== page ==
This series is complete with stage 1 to 3 constructed in the rough layout listed below. Learn from assignments/quizzes, our interactive discussion board, and weekly webinars. By the end of this course series, you will have sufficient knowledge of bioinformatics and its application on a practical scale.
From CSI to Criminal Minds, we’ve all seen forensic scientists on television but what is it that they really do and what is the science behind their career? This course offers scientific, mathematical, and laboratory experience that integrates the concepts learned in biology, chemistry and physics to strengthen individual skills in scientific reasoning, problem-solving, argumentation, data analysis and observation. Students will initially get a flavor for the history of forensics in the first week of the course and then subsequently address topics such as the validity of DNA chemistry, the chemical mechanism of spectroscopy, and time of death assessments. Students will also be introduced to research technologies such as DNA sequencing, Hair analysis, Polymerase Chain Reaction, Fingerprint analysis, and Luminol Spray.
By the end of this course, students will have a strong understanding of real science and science fiction and is able to utilize evidence and experimental data to draw valid and accurate scientific conclusions. Demonstrate mastery of fundamental knowledge in biology, chemistry, DNA analysis, physics, instrumentation theory, and more!
Week 1: Introduction to Biochemical Crime Investigation
1-2: Applications & Limits
1-3: Locard’s Exchange Principle
1-4: Reconstruction & Re-enactment
Week 2: Chemical & Elemental Analysis
2-1: Introduction to atomic structure
2-2: Elemental & Microscopic Object analysis
2-3: Chromatography, HPLC, Infrared Spectroscopy, and Mass Spectrometry
Week 3: Time of Death & Blood Spatter Analysis
3-1: Decomposing Bodies & Analysis of Skeletal Remains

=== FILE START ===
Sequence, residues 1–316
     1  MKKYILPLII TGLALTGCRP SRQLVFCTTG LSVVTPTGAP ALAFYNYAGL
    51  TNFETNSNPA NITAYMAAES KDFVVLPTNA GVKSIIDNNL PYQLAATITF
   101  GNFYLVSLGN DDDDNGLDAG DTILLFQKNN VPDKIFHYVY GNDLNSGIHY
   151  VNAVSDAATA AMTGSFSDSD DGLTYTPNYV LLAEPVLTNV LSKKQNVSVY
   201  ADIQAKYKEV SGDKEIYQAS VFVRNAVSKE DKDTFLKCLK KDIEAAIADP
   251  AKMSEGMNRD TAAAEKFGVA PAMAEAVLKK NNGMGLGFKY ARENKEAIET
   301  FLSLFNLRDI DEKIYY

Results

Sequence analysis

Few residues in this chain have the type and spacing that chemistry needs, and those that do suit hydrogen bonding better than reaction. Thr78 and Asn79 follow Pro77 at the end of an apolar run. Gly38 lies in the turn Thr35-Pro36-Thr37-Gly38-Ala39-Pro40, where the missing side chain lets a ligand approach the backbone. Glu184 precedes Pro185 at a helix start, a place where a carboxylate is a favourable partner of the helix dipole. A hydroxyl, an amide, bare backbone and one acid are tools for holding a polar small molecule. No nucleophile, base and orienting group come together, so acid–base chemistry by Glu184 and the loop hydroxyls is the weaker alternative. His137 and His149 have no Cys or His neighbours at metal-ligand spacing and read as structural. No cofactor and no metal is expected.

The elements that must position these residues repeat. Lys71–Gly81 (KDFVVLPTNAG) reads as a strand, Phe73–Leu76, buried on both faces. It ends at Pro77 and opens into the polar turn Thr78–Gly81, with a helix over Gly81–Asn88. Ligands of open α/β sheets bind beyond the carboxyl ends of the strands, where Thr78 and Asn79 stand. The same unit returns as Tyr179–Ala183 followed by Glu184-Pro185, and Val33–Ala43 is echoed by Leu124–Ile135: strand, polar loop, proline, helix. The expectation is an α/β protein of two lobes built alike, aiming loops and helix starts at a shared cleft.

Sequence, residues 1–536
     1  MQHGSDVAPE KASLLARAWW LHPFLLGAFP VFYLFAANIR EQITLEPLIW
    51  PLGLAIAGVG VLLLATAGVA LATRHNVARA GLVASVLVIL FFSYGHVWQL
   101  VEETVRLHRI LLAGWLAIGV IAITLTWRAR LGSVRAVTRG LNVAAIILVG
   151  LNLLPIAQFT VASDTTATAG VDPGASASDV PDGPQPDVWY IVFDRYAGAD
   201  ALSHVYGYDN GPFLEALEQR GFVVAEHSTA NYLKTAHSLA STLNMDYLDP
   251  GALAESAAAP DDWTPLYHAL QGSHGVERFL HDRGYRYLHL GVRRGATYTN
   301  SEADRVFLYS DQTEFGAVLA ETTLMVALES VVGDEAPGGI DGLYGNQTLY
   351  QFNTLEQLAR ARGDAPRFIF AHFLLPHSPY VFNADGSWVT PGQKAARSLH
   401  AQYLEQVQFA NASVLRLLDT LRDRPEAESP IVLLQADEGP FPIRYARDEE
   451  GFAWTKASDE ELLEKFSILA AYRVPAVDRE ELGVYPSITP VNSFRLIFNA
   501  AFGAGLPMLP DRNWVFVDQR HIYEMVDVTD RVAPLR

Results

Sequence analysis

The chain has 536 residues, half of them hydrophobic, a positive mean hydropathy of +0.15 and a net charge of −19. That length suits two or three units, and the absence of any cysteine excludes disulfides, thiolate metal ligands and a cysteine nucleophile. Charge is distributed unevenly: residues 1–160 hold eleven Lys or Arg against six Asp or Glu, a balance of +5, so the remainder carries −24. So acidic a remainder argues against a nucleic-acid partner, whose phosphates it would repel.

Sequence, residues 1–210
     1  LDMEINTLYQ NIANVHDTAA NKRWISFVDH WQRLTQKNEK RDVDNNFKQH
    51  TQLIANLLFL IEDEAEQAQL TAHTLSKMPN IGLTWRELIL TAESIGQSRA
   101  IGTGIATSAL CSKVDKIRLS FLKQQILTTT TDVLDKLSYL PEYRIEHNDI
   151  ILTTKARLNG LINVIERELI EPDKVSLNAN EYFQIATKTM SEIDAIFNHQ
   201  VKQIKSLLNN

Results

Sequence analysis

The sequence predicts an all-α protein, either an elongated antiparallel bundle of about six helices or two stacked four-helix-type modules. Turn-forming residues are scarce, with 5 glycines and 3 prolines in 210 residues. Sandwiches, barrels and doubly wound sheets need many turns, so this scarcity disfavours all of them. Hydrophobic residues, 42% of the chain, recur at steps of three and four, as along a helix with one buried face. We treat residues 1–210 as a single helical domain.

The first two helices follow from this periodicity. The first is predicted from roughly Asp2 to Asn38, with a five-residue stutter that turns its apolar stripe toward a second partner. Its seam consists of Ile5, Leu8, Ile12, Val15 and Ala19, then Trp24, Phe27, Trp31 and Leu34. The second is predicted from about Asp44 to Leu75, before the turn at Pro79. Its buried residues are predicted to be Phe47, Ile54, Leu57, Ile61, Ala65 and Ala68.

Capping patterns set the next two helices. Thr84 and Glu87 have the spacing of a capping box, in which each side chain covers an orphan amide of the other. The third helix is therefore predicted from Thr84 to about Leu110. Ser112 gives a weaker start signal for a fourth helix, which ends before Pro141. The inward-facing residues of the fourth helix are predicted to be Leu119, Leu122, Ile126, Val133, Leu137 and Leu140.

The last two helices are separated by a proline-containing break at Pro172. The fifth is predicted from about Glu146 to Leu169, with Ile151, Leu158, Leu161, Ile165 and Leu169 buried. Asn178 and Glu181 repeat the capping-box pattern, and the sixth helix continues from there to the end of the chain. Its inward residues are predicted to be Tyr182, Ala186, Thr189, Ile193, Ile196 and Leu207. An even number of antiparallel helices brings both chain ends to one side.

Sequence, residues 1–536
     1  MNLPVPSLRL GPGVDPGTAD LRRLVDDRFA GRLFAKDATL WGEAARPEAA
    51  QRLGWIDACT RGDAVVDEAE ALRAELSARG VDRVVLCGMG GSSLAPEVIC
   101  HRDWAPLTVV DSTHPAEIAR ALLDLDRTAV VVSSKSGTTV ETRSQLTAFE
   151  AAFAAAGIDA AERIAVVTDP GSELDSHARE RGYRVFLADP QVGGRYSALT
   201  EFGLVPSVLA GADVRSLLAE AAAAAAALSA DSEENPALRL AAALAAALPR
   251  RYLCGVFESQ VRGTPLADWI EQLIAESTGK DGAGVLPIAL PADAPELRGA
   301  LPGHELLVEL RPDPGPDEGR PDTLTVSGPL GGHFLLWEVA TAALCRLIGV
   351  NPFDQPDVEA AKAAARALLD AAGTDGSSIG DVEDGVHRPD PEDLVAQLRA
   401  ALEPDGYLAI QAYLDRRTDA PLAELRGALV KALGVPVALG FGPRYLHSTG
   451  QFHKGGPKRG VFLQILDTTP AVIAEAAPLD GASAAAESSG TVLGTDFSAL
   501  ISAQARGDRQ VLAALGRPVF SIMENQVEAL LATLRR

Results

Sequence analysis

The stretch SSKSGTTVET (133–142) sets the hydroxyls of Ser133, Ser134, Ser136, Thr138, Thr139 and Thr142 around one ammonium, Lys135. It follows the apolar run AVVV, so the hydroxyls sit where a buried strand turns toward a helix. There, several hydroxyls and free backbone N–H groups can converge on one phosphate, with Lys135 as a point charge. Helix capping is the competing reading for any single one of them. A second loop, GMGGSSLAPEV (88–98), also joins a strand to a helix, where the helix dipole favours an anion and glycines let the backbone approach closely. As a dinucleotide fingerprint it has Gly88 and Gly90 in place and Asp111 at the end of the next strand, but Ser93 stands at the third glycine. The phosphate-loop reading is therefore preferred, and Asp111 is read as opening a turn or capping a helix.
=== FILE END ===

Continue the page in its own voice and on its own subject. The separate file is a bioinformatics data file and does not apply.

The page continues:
3-2: Blood, Blood Tests, and Precipitin
3-3: Blood Spatter Investigation
Week 4: DNA Chemistry
4-1: Introduction to DNA
4-2: DNA Profiling/Fingerprinting
4-3: Biochemical Technologies
Being a successful biochemical crime scene investigator requires more than just mastery of scientific knowledge and a keen ability to interpret evidence, it also requires imaginative and innovative skills to solve cases which have problems that have never been encountered before. Over the course of 2 weeks, students will be given three different criminal cases, based on real cases, that have been engineered to fit the scope of this course. You will take on the role of a biochemical crime investigative expert and, from the information provided in each prompt, utilize the concepts presented in stage 1 to answer guided questions and develop your expert opinion.
Xavier Tchoujan a graduate student in Public Health and Chemistry & Chemical Biology at Cornell University. He received his B.A. in Biological Sciences from Cornell University's College of Arts & Sciences. In addition to his training in the biological sciences, Xavier has training in biomedical and biological engineering, physiology, and population health. Currently, he is interested in cardiovascular biological markers as they relate to the evaluation of cardiovascular function and valvular assessment.